Disabled internal electronics. Replaced electronics with a simple relay.
The relay, when combined with the internal push-button trigger, and film eject position sensor, replaces the entire electronics board.
The eject sensor is a switch that opens when the ejector is retracted fully.
The push button is normally open.
The relay applies power to the motor when the relay is energized. When the relay is de-energized, it shorts out the leads to the motor. This short acts as a brake, keeping the motor from coasting freely.
When you press the trigger, power is applied to the relay, which turns on the motor and applies power to the relay, through the eject sensor switch. When you release the trigger, the relay stays energized until the eject sensor switch opens the circuit, de-energizing the relay, and stopping the motor.
Why Not use a microcontroller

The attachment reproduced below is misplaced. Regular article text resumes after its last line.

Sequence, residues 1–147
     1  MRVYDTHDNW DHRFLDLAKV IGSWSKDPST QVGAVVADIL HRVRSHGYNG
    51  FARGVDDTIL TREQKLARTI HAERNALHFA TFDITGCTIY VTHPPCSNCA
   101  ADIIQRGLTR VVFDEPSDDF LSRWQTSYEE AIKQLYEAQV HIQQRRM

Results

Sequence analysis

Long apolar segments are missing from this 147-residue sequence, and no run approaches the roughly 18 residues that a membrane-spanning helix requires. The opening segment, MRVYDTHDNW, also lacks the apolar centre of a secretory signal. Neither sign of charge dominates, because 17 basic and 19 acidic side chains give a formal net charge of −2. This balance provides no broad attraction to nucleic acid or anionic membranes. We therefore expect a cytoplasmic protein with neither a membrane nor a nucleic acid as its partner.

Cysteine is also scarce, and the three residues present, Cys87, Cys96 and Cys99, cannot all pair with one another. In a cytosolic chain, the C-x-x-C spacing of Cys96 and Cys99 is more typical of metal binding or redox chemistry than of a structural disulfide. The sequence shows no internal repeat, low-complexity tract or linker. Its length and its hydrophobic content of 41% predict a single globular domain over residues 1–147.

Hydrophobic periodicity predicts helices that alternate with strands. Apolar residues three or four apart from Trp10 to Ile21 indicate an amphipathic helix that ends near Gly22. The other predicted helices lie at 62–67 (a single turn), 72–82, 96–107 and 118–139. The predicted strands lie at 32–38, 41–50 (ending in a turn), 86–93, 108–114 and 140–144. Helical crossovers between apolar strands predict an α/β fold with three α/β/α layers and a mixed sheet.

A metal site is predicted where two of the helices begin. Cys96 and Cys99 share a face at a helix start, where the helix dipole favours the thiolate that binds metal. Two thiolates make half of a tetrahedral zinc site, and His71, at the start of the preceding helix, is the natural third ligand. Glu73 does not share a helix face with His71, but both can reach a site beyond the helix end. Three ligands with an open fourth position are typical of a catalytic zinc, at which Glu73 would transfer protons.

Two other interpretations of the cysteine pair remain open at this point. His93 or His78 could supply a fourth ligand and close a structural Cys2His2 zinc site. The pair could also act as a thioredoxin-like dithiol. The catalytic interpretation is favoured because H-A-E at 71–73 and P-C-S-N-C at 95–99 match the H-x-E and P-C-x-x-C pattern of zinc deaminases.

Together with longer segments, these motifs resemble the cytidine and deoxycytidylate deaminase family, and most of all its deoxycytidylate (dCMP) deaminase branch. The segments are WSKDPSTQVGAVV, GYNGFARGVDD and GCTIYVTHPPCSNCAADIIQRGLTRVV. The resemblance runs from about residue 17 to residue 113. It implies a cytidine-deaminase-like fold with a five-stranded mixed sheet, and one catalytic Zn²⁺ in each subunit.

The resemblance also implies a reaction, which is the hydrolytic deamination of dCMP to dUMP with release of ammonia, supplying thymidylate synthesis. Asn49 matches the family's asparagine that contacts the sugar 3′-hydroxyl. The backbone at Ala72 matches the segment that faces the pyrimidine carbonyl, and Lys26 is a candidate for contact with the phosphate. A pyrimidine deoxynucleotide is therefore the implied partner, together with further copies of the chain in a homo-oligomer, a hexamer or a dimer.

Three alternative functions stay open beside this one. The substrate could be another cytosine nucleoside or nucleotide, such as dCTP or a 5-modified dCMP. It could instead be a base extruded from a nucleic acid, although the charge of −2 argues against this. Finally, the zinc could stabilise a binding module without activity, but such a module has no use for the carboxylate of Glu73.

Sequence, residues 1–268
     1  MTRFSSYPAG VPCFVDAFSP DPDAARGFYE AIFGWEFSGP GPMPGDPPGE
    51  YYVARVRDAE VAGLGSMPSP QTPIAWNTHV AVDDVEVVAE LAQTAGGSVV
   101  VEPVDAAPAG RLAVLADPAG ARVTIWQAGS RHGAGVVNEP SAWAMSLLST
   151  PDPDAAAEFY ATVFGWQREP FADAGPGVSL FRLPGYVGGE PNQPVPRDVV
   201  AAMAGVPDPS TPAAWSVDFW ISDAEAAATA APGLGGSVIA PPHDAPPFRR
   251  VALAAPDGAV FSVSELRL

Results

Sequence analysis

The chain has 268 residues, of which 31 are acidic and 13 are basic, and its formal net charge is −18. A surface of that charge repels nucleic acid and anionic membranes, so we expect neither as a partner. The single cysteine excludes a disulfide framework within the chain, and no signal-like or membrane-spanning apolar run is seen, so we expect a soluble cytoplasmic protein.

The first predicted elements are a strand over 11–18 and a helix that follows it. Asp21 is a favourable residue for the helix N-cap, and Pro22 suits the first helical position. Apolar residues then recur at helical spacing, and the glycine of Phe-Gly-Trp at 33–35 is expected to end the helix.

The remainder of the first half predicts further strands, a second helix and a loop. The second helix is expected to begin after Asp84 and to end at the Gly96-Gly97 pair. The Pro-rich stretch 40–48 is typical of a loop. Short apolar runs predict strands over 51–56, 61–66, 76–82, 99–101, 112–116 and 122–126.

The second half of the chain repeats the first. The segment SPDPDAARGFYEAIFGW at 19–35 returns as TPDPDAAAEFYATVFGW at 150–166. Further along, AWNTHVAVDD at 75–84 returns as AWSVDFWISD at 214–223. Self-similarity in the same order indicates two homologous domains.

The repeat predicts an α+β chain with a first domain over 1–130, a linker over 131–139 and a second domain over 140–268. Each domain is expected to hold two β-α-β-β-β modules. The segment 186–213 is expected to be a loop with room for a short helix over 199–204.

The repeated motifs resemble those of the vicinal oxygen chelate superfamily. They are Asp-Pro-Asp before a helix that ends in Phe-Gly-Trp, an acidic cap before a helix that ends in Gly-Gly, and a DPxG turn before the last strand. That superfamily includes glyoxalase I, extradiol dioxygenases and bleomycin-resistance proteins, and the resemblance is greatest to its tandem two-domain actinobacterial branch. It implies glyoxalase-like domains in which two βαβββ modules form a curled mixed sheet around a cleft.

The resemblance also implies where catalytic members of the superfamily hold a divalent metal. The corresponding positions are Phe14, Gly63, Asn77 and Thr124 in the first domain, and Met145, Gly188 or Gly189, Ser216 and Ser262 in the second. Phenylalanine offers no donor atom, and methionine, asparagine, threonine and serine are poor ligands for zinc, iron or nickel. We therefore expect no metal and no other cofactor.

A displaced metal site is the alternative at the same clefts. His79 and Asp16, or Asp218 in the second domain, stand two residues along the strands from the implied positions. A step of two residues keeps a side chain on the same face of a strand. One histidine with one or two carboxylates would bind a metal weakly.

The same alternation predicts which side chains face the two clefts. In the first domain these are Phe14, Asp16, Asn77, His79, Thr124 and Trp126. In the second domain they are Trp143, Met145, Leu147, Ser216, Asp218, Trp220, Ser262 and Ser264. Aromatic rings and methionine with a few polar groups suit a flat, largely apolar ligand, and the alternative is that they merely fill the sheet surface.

This project would have been a lot more complicated for having a microcontroller, and wouldn’t work any better for it.
I had an Agfa Commander laying around. I removed all the internal electronics and optics, and opened up the hole on the front of the camera, then mounted the lens.
Focus was achieved by inserting an empty film cartridge with a piece of frosted tape where the film normally resides. I retracted the original lens barrel with the lens set to infinity and looked at the image on the tape with a loupe, looking at a distant target. I then taped the original lens barrel into place.
Judicious use of epoxy and aluminum flashing tape to hold things in place, and to seal against light leaks.